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Though there are now better ways to do it, in the past, I used a “hosts” file to prevent Windows users from accessing porn and other inappropriate Web sites.
At my current employer, my hosts file used to include hundreds of entries.
Whenever I witnessed someone accessing inappropriate Web sites, I would wait until they left. Then I would go to that computer and examine its browser history file — making careful note of any inappropriate sites.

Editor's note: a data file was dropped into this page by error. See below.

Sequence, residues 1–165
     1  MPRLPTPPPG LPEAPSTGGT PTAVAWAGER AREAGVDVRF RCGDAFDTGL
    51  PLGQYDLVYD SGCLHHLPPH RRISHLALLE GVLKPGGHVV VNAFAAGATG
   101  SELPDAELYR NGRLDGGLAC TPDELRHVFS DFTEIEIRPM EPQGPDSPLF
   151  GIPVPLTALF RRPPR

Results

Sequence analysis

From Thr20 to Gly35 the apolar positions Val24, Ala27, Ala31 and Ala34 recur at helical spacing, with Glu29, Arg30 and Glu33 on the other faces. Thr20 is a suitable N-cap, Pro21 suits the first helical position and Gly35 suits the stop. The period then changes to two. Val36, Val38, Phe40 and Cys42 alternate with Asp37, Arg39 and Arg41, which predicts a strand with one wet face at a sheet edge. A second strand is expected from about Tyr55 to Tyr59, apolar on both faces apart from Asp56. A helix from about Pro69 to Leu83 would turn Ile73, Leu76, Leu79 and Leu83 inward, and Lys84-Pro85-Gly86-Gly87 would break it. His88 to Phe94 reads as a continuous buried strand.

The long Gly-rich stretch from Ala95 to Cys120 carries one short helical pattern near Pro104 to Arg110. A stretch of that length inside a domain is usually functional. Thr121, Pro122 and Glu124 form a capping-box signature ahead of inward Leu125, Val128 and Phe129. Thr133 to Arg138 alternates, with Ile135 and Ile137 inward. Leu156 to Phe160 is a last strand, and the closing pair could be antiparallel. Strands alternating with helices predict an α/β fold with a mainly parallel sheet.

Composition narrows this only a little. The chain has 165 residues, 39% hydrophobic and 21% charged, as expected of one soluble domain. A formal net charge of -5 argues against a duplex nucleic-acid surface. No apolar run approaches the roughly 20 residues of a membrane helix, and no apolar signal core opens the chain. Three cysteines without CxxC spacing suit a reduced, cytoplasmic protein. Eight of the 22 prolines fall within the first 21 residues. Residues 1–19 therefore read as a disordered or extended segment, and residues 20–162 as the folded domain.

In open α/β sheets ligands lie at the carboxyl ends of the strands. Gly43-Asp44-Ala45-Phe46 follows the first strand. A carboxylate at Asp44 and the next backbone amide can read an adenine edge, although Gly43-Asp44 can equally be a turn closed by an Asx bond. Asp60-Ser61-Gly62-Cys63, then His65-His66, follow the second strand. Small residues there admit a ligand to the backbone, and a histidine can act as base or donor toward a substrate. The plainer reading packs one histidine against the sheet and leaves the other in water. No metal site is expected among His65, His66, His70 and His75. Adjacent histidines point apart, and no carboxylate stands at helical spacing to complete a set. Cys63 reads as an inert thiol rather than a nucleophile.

Then I would add the URLs of those sites to the hosts file, which lived on the network, and — thanks to a couple of batch files — updated itself on each computer during each logon.
So the next time anyone tried to go to those same inappropriate sites, they were no longer available.
Like I said, I no longer use a hosts file to stop that type of behavior, but — for those who still do — you should be aware that, currently, Windows 8 (with Windows Defender) will — without your knowledge or permission — automatically edit your hosts file, to remove certain URLs that you intentionallly added to it.
Is it a bug or is it intended behavior?
As of this writing, no one knows for sure, but the comments following the story contain some theories.
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